“Food preservation is defined as any act or addition that inhibits undesired bacterial growth or chemical changes in a food,” explains Alyssa Pike, RD, senior manager of Nutrition Communications at the International Food Information Council in Washington, DC. In other words, preservatives make food safe for ingestion. Stabilizers, on the other hand, form stable emulsions or gels, adding thickness to meals for enhanced palatability and shelf stability.

Many types of food preservation (such as drying, chilling, and curing) have existed for thousands of years. Nowadays, contemporary science has carried the procedure even farther. “In addition to older forms of preservation that use salt and acid, other, more modern preservatives can offer benefits like inhibiting oil from going rancid or helping a food product retain its original color,” Pike adds. Besides enhancing food safety, this eventually saves food waste, according to study published in 2021 in Environmental Chemistry Letters.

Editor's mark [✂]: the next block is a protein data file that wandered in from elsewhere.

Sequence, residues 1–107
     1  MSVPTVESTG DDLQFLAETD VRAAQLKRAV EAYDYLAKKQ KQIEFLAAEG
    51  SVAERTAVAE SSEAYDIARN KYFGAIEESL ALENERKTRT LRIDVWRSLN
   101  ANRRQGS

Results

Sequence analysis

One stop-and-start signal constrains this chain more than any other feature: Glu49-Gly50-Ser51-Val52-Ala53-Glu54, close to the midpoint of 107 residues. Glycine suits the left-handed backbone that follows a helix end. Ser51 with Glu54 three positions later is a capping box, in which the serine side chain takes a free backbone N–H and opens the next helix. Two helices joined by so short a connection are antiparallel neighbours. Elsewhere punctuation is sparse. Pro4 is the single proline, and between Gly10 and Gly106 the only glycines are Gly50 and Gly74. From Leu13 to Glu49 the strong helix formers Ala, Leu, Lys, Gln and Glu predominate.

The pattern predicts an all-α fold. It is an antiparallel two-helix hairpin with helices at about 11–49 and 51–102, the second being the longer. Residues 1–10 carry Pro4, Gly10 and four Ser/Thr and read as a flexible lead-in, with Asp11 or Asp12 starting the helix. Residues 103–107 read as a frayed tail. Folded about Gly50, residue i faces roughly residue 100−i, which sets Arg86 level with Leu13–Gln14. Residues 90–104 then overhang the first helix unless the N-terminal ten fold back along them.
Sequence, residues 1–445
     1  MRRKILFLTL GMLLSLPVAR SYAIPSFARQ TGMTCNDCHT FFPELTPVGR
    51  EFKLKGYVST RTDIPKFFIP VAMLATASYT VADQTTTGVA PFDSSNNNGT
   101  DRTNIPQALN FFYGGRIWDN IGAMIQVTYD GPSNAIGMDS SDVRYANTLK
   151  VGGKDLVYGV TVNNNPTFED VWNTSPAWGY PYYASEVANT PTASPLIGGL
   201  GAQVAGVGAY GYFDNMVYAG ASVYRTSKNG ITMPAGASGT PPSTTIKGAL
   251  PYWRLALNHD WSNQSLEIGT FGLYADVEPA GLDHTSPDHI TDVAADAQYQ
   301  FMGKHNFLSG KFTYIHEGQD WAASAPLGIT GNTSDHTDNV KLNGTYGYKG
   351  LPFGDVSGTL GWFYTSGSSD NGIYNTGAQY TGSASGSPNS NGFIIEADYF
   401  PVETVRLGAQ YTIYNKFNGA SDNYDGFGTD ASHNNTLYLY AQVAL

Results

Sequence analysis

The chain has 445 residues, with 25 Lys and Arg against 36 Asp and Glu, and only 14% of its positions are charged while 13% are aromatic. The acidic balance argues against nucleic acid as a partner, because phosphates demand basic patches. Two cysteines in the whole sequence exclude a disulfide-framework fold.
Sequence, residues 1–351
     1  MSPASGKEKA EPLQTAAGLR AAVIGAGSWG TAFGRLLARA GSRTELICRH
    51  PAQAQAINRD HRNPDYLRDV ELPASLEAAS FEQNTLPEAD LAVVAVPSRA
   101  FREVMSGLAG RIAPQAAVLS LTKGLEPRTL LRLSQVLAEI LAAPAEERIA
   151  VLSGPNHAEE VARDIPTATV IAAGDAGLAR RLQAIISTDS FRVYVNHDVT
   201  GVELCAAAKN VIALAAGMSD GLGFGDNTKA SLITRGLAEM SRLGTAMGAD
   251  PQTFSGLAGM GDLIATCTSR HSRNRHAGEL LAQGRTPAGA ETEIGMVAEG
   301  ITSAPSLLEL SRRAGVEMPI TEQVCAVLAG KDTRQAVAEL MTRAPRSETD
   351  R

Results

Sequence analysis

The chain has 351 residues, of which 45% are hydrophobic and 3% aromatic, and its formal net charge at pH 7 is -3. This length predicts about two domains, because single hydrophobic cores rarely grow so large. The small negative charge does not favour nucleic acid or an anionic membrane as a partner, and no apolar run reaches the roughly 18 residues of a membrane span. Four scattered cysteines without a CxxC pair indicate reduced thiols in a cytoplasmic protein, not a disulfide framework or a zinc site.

Natural Versus Artificial Preservatives

Food preservatives are characterized as either natural or artificial. Natural preservatives originate from a natural source such as plants. Sugar, salt, and citric acid derived from citrus fruits are considered natural preservatives. Artificial preservatives, on the other hand, are man-made, often created in a lab. According to the Encyclopedia of Food Safety, some examples of artificial preservatives include:

  • Sodium benzoate, found in soft drinks, salad dressings, and canned tuna

  • Calcium propionate, found in baked items, processed meats, and dairy products

  • Potassium sorbate, found in cheese, wine, and dried foods

  • BHA and BHT, found in margarine and potato chips

  • TBHQ, found in pasta, cereals, and nuts

The phrase “natural” has more favorable connotations – so it’s only, well, natural to gravitate toward buying foods that include these preservatives, rather than artificial ones. But Donald Schaffner, PhD, a food scientist and distinguished professor at Rutgers University, believes this isn’t necessarily anything to worry about. “While the distinction of natural and artificial is something that the average consumer might think about, from a scientific perspective, a compound like citric acid is identical whether it is found naturally in fruits or whether it is synthesized in a factory by microorganisms,” he explains. “The body doesn't care. It just understands that it is citric acid.”